It’s that time of the year, again. The Holidaze are here.
Please don’t read into this blog and think that I’m depressed. Maybe I am, but I don’t really see it that way. And if I am depressed, it has more to do with S.A.D. (Seasonal Affective Disorder) than the actual holiday.
First of all, I work in retail. Sure, my shop is a niche market, but that doesn’t mean I don’t feel the rush and hubbub that is the end of year gift giving frenzy of the retail sector. What it does mean, however, is that just like most who work in retail, my holiday spirit spark of joy fizzles out before December.
My solution to this, is that next year I’m going to try and do the bare minimum for all the holiday stuff happening in the village, but not much else. The gifty ideas and inventory will arrive in November, and I’ll showcase it starting around Thanksgiving and through early January. At least that’s my plan right now.
Also, I’ve noticed that in the past that the gift idea bits and bobs don’t really do well for me, so I didn’t order any this year. Maybe it’s the new location and the growing patron base, but I’ve had more requests for those things this year than I ever had before. So I’m going to try and up that next season – I wrote both these ideas on my 2019 calendar, but actually remembering it and following through will be the hard part.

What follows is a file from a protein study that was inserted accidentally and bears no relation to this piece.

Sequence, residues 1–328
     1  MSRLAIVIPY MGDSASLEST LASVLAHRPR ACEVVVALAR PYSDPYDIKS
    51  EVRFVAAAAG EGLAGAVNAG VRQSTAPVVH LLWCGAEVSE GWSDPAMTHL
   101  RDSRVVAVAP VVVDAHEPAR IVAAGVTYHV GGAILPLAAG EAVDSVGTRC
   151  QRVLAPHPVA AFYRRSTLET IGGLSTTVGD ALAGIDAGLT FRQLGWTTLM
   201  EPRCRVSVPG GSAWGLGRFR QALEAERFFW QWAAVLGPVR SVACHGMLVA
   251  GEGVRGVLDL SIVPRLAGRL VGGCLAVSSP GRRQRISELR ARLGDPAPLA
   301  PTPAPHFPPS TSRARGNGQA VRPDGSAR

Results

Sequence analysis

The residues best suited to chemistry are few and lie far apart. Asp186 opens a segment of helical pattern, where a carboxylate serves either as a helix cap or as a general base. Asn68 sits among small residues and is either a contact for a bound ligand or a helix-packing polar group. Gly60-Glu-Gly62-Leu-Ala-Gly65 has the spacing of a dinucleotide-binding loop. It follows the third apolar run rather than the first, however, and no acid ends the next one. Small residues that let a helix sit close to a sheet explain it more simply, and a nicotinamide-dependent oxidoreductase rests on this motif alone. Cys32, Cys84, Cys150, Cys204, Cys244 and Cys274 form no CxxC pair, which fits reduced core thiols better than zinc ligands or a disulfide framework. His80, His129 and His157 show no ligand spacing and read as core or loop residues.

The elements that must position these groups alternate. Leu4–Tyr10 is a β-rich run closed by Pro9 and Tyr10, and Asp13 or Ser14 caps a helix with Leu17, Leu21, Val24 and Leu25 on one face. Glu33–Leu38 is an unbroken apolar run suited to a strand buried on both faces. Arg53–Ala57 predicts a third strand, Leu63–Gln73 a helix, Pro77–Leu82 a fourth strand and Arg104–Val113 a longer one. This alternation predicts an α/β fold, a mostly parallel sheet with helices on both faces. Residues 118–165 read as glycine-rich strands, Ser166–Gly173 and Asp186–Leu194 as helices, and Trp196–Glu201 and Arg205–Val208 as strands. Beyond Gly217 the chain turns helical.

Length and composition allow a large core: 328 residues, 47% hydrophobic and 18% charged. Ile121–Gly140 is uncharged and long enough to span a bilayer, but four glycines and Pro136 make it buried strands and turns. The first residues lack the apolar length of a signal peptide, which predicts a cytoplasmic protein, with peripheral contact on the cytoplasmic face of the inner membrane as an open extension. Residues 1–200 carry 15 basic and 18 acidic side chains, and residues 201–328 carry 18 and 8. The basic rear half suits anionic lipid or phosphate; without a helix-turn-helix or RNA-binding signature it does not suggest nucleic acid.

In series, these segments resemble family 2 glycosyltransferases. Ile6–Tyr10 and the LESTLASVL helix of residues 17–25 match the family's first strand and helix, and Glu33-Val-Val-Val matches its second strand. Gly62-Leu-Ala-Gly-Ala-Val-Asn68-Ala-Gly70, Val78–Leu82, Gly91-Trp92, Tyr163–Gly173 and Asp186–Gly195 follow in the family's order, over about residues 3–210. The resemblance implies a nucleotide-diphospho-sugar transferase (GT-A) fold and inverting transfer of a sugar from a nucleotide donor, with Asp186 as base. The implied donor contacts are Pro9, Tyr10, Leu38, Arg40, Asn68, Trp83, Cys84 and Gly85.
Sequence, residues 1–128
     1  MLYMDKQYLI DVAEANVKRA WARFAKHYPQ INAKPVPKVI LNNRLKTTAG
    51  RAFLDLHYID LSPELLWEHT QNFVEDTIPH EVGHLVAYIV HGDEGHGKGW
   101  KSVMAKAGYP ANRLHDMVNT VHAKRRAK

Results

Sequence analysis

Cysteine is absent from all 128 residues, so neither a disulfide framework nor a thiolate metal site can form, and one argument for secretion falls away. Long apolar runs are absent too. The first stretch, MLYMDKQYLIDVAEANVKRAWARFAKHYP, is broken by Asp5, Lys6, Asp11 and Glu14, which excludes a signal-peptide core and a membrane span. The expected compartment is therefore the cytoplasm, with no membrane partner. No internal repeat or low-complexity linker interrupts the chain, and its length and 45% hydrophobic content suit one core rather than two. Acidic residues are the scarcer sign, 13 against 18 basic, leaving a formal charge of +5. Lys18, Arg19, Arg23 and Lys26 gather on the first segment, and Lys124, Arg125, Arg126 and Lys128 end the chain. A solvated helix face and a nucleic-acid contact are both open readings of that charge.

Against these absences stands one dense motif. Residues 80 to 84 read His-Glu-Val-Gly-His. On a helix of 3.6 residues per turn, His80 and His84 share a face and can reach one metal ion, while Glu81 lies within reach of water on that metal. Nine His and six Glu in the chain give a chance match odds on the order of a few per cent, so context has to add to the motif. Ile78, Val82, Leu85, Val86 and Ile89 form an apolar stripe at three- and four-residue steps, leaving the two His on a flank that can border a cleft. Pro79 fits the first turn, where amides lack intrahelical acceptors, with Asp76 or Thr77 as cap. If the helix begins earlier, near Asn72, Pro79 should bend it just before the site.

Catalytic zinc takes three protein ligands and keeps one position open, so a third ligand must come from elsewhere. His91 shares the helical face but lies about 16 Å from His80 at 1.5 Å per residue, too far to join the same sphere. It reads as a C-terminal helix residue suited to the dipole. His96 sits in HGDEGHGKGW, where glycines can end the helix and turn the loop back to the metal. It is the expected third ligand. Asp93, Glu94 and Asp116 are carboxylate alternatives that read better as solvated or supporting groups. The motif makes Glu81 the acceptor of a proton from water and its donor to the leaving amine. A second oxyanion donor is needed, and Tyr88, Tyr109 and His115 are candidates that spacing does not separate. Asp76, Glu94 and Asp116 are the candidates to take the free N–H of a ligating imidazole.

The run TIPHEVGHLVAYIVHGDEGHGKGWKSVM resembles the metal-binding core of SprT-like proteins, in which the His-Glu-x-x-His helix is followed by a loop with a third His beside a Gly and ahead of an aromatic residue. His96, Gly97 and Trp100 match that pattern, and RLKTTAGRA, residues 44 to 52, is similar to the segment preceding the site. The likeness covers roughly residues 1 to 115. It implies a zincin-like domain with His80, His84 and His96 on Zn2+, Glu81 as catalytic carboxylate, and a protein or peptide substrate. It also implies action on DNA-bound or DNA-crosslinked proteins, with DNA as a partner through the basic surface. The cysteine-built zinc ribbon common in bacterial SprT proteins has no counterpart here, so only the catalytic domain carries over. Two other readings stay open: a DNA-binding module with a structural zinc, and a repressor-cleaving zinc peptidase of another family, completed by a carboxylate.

Then there’s the fact that neither The Goat nor I have family locally. That in itself isn’t unusual anymore. What is unusual is that we don’t “go home” for Christmas or have people visit us here, which makes for a nice, quiet Christmas without the rush of trying to cram all the family visits into a 48 hour period and overeating because one or more family member will be upset if you aren’t at their house for a meal. But once again, all of our gift giving and celebrating is over before Christmas even arrives. We see The Goat’s family over Thanksgiving, and my family all live far enough away that gifts are sent via the post.
Then there’s the whole religious aspect of Christmas. Even as a pre-teen/ young adult, I didn’t understand why Christmas was often a bigger “event” than Easter. They both have ties to Christ, family dinners, and fictional benevolent beings bestowing gifts.
Christmas, however, has a perceived necessary larger monetary gift giving tradition, while most adults never even think about what they’re getting for Easter. Radio stations don’t play Easter songs for weeks prior to Easter. Can you even name an Easter song that is’t a hymn? Peter Cottontail is the only one that comes to my mind. Many have started decorating for Easter, but not like they do for Christmas.
And have you ever heard anyone claim there’s a War on Easter? No. Because most people understand that it’s a (mostly) religious holiday, even non-Christians who still give their kids Easter Baskets. Many people even accept the religious aspect while acknowledging that many of the Easter traditions are mash-ups of pagan or other religions’ traditions related to Spring and rebirth. Yet, for some reason, these same people often get angry when you suggest that Christmas traditions are also a mash-up of pagan and other religions’ traditions related to Winter and they “death of Mother Nature”.